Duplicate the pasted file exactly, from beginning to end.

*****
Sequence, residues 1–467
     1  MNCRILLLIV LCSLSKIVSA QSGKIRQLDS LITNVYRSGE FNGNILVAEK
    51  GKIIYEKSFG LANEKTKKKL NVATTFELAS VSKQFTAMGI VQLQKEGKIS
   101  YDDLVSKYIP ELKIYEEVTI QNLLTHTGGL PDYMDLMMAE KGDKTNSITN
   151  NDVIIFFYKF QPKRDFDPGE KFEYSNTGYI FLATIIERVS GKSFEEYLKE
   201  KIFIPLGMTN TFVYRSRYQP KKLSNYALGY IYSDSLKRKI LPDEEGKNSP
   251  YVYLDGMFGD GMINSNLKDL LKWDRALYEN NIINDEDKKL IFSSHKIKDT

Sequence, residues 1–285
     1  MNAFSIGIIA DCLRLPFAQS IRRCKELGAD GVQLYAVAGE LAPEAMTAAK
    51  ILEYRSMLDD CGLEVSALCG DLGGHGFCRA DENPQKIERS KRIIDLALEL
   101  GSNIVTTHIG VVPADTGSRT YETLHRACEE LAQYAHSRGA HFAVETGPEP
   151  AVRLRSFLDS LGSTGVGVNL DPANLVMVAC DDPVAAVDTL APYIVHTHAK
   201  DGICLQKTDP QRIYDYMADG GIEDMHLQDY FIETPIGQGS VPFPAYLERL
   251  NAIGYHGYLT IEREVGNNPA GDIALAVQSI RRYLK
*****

Sequence, residues 1–467
     1  MNCRILLLIV LCSLSKIVSA QSGKIRQLDS LITNVYRSGE FNGNILVAEK
    51  GKIIYEKSFG LANEKTKKKL NVATTFELAS VSKQFTAMGI VQLQKEGKIS
   101  YDDLVSKYIP ELKIYEEVTI QNLLTHTGGL PDYMDLMMAE KGDKTNSITN
   151  NDVIIFFYKF QPKRDFDPGE KFEYSNTGYI FLATIIERVS GKSFEEYLKE
   201  KIFIPLGMTN TFVYRSRYQP KKLSNYALGY IYSDSLKRKI LPDEEGKNSP
   251  YVYLDGMFGD GMINSNLKDL LKWDRALYEN NIINDEDKKL IFSSHKIKDT

Sequence, residues 1–285
     1  MNAFSIGIIA DCLRLPFAQS IRRCKELGAD GVQLYAVAGE LAPEAMTAAK
    51  ILEYRSMLDD CGLEVSALCG DLGGHGFCRA DENPQKIERS KRIIDLALEL
   101  GSNIVTTHIG VVPADTGSRT YETLHRACEE LAQYAHSRGA HFAVETGPEP
   151  AVRLRSFLDS LGSTGVGVNL DPANLVMVAC DDPVAAVDTL APYIVHTHAK
   201  DGICLQKTDP QRIYDYMADG GIEDMHLQDY FIETPIGQGS VPFPAYLERL
   251  NAIGYHGYLT IEREVGNNPA GDIALAVQSI RRYLK